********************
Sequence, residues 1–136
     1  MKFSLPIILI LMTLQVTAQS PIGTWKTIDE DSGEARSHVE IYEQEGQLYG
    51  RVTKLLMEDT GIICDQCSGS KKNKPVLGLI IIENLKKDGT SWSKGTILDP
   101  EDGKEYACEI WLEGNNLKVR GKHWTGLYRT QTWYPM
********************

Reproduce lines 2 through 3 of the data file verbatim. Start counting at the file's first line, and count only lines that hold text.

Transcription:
     1  MKFSLPIILI LMTLQVTAQS PIGTWKTIDE DSGEARSHVE IYEQEGQLYG
    51  RVTKLLMEDT GIICDQCSGS KKNKPVLGLI IIENLKKDGT SWSKGTILDP